What The Coronavirus Could Mean For The 2020 Flu Season

Depending on what part of the world you live in there's a decent chance you're reading this from self-isolation due to coronavirus. As millions across the globe quarantine themselves to avoid the spread of the virus, for many it won't be the first time they're avoiding work and other public places. In addition to the novel coronavirus, one we are already very familiar with, the flu, had a big showing in the 2019-2020 fall and winter seasons.

While it wasn't the worst flu season on record, the virus still wreaked more havoc in the US than normal. Emily Martin, an Associate professor of epidemiology at the University of Michigan, explained to NPR that infections got an early start this year. So far she estimated that there were "between 30 and 40 million illnesses in the United States," and CDC reports estimate that around 22,000 died of possible flu related causes in the US this season. Both numbers do not necessarily represent flu infections, but rather patients who exhibited flu-like symptoms.

The beginning of spring typically sees a reduction in flu-like infections, but with the coronavirus pandemic sweeping the globe could we see a late season resurgence?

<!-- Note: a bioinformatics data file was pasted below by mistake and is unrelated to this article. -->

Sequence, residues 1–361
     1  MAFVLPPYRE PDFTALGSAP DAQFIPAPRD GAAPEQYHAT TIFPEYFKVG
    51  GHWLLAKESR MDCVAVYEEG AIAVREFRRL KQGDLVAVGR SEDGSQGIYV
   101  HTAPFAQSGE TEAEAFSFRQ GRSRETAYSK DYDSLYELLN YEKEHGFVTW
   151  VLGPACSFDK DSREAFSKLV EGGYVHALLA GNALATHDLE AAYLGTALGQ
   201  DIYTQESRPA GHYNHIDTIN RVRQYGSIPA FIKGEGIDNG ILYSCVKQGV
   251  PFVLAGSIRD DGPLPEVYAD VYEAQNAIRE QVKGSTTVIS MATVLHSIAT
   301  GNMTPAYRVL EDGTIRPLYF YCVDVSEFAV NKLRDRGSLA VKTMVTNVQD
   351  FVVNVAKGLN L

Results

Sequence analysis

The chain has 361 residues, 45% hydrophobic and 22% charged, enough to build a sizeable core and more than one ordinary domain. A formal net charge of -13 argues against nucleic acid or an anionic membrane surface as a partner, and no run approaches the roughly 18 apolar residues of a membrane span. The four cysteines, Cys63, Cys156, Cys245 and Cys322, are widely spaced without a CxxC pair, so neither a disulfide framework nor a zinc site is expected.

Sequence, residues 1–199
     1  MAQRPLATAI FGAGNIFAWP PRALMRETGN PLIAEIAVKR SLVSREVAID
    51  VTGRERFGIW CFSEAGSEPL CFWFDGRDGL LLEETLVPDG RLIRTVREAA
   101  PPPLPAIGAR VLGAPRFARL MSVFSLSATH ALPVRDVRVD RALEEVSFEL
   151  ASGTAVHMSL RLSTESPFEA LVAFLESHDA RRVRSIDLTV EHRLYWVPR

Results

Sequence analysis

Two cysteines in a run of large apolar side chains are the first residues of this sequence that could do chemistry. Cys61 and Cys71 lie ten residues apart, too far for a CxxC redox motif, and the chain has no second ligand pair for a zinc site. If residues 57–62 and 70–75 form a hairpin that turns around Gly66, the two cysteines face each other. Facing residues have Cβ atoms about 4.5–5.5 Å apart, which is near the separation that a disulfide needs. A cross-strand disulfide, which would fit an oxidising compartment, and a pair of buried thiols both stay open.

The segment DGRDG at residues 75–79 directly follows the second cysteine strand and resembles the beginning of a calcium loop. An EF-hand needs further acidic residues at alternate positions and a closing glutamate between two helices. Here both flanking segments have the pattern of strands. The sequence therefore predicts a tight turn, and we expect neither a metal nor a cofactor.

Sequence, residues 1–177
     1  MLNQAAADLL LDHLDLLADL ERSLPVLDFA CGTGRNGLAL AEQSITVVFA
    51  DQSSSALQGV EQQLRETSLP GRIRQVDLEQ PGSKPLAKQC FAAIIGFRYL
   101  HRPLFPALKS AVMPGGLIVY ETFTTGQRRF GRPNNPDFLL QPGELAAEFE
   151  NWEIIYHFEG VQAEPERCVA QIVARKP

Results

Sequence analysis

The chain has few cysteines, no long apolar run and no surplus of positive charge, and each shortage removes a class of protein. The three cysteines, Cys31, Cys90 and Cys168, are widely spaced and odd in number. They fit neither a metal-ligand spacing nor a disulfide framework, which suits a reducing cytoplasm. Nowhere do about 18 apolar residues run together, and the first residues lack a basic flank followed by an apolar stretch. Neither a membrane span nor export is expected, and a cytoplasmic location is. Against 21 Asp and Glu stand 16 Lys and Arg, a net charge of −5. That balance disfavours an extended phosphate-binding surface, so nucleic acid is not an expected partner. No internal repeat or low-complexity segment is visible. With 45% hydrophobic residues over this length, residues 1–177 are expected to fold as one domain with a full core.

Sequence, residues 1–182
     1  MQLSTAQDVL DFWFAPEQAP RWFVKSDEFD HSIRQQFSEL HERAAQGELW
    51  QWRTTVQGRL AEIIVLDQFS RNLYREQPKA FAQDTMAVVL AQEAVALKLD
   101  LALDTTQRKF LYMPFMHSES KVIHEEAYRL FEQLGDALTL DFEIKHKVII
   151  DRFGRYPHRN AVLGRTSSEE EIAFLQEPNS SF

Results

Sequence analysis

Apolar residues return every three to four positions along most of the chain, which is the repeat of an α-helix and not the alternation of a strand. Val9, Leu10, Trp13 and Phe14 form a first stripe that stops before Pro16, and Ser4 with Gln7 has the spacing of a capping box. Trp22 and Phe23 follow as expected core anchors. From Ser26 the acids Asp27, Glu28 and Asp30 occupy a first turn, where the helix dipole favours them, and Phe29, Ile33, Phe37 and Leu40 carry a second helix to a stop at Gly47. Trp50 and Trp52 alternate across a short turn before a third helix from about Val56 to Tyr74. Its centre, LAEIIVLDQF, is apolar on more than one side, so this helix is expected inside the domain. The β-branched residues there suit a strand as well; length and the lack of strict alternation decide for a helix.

Flu season may not be over yet

As things stand now reported instances of flu are on the decline in the US after two peaks of activity this season. According to a March 11th, 2020 report by AccuWeather flu cases had declined for the third week in a row, from accounting for 5.5% of visits to healthcare providers to 5.3% of visits. However, that decline hasn't been steady across the country. While 34 states have reported a slow down in flu activity, 24 states are still experiencing higher than average instances of cases.

Dr. Bryan Lewis of the University of Virginia's Biocomplexity Institute told AccuWeather, "With the COVID-19 virus circulating and the potential to cause a significant number of infections, we may see a third peak in the influenza-like activity surveillance used to monitor the flu season."

According to AccuWeather areas expected to see a sustained continuation of flu-like activity include the states in the north, from the Pacific Northwest through the Midwest and to the northeast. Meanwhile, the south and mid-Atlantic regions are expected to see their levels decline to pre-flu season rates.